Buckminster Fuller and Marshall McLuhan met for the first time after boarding the New Hellas in Athens for an eight-day boat trip around the Greek Islands. The two gurus of the electronic age had been invited on the trip, along with thirty-two other leading intellectuals from fourteen countries, by Constantinos Doxiadis, a Greek architect and urban planner. The idea was to have a symposion,” a radical mixing of intellectual activity and sensual pleasure as the boat traveled from island to island. Each morning, the group would have informal but intense discussions onboard about “the evolution of human settlements.” In the afternoon and evening, they would leave the boat to go swimming, visit famous historic sites, eat in restaurants, see performances, go dancing, and shop. High-level theoretical discourse was well lubricated with retsina and ouzo.

Full Story: Marshall McLuhan & Buckminster Fuller’s First Meeting on an Intellectual Cruise Around the Greek Islands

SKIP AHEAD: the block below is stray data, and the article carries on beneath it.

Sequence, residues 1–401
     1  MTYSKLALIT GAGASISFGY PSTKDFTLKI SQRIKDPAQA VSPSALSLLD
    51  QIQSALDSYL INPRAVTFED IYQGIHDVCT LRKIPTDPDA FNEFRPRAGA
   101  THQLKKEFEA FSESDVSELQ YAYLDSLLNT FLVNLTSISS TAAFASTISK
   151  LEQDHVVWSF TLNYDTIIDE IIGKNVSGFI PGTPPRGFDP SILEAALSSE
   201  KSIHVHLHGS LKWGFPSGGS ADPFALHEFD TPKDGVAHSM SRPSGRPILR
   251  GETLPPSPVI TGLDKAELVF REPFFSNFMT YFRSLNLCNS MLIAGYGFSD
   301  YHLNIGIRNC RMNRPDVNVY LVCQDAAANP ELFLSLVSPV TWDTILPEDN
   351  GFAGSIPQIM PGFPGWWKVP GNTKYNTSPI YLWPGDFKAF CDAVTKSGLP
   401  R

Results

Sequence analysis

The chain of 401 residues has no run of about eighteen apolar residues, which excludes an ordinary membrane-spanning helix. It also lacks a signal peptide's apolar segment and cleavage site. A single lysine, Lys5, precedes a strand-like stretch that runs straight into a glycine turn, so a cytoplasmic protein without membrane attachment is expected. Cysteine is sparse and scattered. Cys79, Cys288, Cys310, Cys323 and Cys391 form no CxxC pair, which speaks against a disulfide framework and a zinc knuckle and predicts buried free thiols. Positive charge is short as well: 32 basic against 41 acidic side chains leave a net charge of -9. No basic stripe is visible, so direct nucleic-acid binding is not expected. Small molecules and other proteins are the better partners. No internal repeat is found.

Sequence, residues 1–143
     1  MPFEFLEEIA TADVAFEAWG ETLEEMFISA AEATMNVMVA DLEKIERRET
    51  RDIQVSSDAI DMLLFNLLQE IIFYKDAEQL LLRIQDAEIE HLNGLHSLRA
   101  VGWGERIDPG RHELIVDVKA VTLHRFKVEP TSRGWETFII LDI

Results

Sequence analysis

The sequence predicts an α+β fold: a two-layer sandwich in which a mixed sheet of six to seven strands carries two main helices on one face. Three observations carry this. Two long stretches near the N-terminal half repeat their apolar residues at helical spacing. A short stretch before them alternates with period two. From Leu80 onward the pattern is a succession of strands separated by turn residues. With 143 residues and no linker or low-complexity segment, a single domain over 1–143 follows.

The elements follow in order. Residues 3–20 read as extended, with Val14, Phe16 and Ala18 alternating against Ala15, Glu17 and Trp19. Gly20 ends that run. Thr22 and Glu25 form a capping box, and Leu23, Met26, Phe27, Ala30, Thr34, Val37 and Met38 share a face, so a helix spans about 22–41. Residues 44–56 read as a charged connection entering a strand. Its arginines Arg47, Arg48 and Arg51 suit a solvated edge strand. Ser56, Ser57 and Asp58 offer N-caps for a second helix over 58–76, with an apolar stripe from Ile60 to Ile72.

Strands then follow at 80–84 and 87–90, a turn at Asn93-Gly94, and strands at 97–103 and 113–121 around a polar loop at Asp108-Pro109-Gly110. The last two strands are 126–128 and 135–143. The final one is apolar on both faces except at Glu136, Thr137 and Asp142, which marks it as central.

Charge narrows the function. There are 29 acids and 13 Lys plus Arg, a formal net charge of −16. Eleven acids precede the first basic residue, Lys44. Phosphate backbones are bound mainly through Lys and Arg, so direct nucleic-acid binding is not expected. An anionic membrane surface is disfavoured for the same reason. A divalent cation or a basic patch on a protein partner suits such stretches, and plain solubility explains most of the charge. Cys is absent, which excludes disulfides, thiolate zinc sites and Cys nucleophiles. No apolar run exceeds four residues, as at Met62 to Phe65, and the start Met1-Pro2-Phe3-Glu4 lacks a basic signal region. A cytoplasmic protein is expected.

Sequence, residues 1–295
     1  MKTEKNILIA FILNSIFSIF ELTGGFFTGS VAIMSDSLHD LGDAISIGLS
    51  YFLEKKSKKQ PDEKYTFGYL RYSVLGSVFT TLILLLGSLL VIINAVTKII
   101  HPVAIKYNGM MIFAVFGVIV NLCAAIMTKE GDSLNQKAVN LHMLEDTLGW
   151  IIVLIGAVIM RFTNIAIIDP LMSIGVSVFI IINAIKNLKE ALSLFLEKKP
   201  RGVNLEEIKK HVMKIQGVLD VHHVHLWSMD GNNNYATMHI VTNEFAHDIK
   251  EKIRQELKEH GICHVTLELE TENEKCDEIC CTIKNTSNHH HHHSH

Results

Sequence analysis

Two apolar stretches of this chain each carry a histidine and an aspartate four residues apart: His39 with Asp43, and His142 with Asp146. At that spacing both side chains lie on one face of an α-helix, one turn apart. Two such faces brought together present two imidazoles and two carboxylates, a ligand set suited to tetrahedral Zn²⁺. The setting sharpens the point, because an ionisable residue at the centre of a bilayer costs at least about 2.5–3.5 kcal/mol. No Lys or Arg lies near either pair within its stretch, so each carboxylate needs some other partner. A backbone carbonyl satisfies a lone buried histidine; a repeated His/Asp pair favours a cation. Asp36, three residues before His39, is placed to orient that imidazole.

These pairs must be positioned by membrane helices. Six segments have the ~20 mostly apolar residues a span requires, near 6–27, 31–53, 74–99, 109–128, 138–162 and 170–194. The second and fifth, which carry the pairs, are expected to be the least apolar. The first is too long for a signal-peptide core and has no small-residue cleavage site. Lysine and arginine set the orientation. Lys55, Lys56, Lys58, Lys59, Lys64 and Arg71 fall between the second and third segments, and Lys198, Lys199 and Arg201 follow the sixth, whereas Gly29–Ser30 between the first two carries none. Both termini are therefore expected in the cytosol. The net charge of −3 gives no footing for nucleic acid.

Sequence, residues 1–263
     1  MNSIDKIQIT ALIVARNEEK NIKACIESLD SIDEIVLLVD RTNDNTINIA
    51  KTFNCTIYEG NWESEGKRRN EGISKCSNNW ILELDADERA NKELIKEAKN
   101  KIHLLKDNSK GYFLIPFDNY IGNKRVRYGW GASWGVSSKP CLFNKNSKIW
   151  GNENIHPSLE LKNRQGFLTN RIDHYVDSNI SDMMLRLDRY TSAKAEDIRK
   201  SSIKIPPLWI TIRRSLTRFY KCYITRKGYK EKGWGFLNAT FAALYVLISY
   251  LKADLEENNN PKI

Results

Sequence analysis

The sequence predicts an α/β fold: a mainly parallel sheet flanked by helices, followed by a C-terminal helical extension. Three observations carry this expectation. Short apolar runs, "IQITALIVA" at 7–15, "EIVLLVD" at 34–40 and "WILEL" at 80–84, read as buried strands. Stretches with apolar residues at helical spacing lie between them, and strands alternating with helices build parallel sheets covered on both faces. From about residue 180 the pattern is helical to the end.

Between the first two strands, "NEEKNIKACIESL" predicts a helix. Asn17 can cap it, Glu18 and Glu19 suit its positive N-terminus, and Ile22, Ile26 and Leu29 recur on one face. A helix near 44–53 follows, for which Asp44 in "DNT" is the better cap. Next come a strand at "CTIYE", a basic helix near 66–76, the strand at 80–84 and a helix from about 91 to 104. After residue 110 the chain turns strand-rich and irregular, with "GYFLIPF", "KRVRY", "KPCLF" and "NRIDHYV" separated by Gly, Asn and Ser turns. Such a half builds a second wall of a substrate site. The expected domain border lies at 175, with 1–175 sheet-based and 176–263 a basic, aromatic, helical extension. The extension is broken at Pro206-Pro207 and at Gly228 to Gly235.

Magic Mushrooms and the Healing Trip | New Yorker

This is some fabulous reporting. A long and detailed article about the use and effect of psilocybin as a medicine for dealing with end-of-life issues around cancer care. Read the full article: The Trip Treatment.

McLuhan’s 1960 Report on Project in Understanding New Media | Norm Friesen

In the cryptic note at the top right (on p. 2), McLuhan writes to Harley Parker, with whom he later co-authored Through the Vanishing Point: Space in Poetry and Painting (1968) and Counterblast (1969). Parker also appears with McLuhan in the 28 min 1969 film Picnic in Space, directed by Bruce Bacon.

This text reflects McLuhan’s then-coalescing thought as it relates to both education and to multiple media forms; and the text serves as relatively direct and clearly-written precursor for the 1964 Understanding Media.

The full text of this report is available as a 7.5 Mb PDF file.

via McLuhan’s 1960 Report on Project in Understanding New Media | Norm Friesen.

Avant-Garde to Electric Kool-Aid With Beats In Between

reallyTheBluesThe book was first published in 1946. It’s by Mezz Mezzrow and Bernard Wolfe and is about as Beat as anything I’ve ever read, although it predates the ‘Beats’ per se.  Mezz was a white clarinet player from Chicago who befriended ‘the race’ when sent